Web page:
EghtesadOnline: Emerging-market assets fell with commodities as expectations for a U.S. interest-rate hike grew before a speech this week by Federal Reserve Chair Janet Yellen.
According to Bloomberg, the MSCI gauge of developing nations’ shares dropped the most in three weeks after Fed funds futures ended Tuesday showing a 54 percent chance of a U.S. interest-rate increase by December. South Korea’s won weakened after North Korea conducted a missile test, while South Africa’s currency and bonds declined amid speculation the finance minister will be replaced. Basic-resource stocks fell in Europe as Glencore Plc’s profit tumbled, while oil resumed declines after data showed a buildup in U.S. stockpiles.
“With emerging markets, it’s about the uncertainty over the Federal Reserve," said Stephen Innes, a currency trader at Oanda Asia Pacific Pte in Singapore. "There’s some expectation that interest-rate hikes are going to eventually hit the market.”
Market sentiment has seesawed in recent weeks as traders look for clues on how aggressive the Fed will be in tightening monetary policy, something Yellen may touch on when she speaks on Friday at a gathering of central bankers in Jackson Hole, Wyoming. At least three Fed officials have made hawkish remarks since the start of last week, though U.S. economic data remain mixed with figures on Tuesday showing a surge in new home sales and a slowdown in manufacturing. A report on Wednesday is forecast to show sales of existing homes held close to a nine-year high.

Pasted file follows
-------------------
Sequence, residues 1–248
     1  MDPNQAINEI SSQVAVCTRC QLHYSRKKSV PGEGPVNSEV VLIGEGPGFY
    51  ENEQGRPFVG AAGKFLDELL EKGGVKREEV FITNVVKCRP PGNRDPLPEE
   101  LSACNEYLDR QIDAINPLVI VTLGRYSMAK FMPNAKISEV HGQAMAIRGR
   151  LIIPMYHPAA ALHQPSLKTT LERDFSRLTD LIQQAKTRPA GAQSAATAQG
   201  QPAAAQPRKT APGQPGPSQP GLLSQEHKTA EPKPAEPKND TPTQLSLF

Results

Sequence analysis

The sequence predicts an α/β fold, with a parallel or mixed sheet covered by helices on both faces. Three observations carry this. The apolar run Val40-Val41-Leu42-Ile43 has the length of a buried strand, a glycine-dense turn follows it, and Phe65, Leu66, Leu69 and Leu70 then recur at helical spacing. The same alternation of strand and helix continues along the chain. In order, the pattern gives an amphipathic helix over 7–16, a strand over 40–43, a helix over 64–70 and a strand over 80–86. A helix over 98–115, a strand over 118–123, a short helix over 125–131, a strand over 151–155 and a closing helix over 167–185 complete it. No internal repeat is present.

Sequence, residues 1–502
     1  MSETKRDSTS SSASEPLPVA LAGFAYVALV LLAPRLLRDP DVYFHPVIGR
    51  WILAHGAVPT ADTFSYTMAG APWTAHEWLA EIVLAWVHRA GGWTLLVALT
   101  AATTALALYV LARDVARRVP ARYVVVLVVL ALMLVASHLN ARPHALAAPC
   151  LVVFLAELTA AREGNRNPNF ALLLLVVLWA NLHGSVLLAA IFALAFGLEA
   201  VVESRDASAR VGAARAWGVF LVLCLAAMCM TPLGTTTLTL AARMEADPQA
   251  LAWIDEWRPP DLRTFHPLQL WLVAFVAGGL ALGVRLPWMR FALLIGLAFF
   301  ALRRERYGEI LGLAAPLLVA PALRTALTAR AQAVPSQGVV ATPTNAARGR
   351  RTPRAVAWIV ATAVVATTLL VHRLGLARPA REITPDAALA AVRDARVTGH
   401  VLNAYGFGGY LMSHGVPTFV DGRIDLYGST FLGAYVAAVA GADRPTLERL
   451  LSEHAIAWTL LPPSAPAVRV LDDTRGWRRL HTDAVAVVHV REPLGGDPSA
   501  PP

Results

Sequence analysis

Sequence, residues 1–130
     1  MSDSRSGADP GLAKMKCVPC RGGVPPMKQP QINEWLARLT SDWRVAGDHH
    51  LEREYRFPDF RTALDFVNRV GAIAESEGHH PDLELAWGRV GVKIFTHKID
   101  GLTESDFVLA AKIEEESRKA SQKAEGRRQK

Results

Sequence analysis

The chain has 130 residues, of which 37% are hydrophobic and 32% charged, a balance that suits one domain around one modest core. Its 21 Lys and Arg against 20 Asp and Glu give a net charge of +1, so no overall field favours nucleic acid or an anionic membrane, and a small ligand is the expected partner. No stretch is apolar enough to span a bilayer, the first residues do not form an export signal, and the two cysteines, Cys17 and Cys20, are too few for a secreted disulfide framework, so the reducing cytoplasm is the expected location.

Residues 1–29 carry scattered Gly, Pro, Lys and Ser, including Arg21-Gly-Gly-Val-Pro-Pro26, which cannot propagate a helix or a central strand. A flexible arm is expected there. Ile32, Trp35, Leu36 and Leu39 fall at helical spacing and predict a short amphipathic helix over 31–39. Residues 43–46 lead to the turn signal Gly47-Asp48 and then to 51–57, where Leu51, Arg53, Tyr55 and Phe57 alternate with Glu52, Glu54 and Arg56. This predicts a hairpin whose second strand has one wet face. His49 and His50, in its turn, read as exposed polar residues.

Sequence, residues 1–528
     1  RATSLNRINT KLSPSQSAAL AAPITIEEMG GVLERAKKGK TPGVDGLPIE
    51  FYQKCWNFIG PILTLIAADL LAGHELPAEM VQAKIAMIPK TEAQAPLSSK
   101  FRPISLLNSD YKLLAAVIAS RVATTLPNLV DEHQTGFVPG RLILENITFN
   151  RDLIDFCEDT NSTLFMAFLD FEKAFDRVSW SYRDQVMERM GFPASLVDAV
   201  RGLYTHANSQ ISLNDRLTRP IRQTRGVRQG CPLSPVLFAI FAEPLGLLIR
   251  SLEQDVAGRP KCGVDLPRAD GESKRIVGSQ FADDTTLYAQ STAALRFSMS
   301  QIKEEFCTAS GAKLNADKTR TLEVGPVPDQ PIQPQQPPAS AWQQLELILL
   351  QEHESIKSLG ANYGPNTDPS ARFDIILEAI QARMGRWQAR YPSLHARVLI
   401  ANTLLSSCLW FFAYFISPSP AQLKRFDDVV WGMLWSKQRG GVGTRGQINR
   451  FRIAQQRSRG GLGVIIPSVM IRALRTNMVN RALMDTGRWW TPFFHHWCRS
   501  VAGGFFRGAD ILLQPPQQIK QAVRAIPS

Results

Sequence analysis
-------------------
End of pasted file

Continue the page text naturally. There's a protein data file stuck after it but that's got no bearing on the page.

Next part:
The MSCI Emerging Markets Index dropped 0.9 percent as of 9:44 a.m. London time, the most since Aug. 3 on a closing basis. The MSCI Emerging Markets Currency Index fell 0.6 percent.
The Borsa Istanbul 100 Index slid 1.8 percent, the most in a month, as Turkey began its first major offensive in Syria. The military started bombing Islamic State positions in the district of Jarablus in Syria’s Aleppo province Wednesday morning, according to the prime minister’s office.
The Stoxx Europe 600 Index was little changed while Glencore fell 4.9 percent after the commodities trader reported a 66 percent drop in first-half profit. Futures on the S&P 500 Index slipped less than 0.1 percent after the U.S. benchmark ended the last session within 0.2 percent of its all-time high.
West Texas Intermediate crude fell 1.7 percent to $47.30 a barrel in New York after American Petroleum Institute figures showed inventories increased by 4.46 million barrels last week. It rallied 2.2 percent in the last session after Reuters cited unidentified sources in OPEC and the oil industry as saying that Iran is sending “positive signals” it may support joint action to bolster the market.